Report Rafael Denies He Approved Permitting Conservative Rabbis to Perform Marriages in Israel

Two major Orthodox organizations, the Rabbinical Council of America (RCA) and the Religious Zionists of America. (RZA), stated today that they have received letters from Yitzhak Rafael, who was Israel’s Minister of Religion until Premier Yitzhak Rabin dismissed the National Religious Party ministers from his Cabinet, denying that he ever gave his approval to Conservative rabbis to perform marriages in Israel.

A report earlier this month in one Israeli newspaper stated that Rafael had told the Independent Liberal Party that he would not oppose marriages by Conservative rabbis but asked that his feelings be kept secret so as not to antagonize Orthodox circles. The report also stated that the government announced on Dec. 1 that Conservative rabbis will be allowed to perform marriages in Israel.

David Zucker, president of the World Council of Synagogues, the international organization of Conservative congregations, said on his return from the Council’s biennial convention in Jerusalem last month that he welcomed “this positive step toward our objective of full and equal rights for our rabbis in Israel.”

Rabbi Walter S. Wurzburger, president of the RCA, had written to Rafael to confirm the report. In response to the inquiry, Rafael, in a letter to Wurzhurger, stated that this matter never came up, that at no time did he discuss this issue with the ILP nor had be at any time made a statement indicating approval of Conservative marriages. Rafael added that permission to perform marriages is not granted by the Minister of Religious Affairs but by the local rabbinate and the Chief Rabbinate.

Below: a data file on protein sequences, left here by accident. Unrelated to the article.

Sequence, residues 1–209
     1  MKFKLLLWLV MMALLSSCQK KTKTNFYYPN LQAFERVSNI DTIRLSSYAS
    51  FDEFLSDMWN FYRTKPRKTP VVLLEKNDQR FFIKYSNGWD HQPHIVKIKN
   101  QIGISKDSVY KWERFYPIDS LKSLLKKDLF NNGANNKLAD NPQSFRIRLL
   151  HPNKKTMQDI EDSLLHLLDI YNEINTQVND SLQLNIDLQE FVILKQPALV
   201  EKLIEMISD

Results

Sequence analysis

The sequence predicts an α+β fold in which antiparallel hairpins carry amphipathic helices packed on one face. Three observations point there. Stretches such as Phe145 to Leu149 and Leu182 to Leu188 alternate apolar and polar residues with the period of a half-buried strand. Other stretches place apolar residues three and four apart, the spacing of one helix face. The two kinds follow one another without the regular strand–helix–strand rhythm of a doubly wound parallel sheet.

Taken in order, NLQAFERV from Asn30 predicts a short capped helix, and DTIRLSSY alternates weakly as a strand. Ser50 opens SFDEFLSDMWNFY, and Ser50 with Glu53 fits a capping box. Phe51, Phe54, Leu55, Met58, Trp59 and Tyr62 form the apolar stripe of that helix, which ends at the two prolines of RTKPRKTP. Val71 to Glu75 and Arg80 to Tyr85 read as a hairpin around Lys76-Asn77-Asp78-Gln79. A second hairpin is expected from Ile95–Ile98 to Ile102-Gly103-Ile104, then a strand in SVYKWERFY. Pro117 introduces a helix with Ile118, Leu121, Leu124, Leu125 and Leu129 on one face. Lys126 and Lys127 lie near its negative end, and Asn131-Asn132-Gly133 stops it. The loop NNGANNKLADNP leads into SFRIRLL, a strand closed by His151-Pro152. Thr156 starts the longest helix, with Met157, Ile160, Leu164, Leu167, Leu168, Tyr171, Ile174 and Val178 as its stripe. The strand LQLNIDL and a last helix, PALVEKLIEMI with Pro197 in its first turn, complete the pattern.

Rabbi Louis Bernstein, president of RZA, declared. “The entire story of the Conservative rabbinate being recognized in Israel is a total hoax.” He said the letter from Rafael to his Inquiry about the same report confirmed what the RZA knew earlier “because recognition to rabbis who do not reside in Israel to perform marriage is granted on an individual basis. Even an Orthodox rabbi must receive permission from the Chief Rabbinate and the local rabbinical authorities.”

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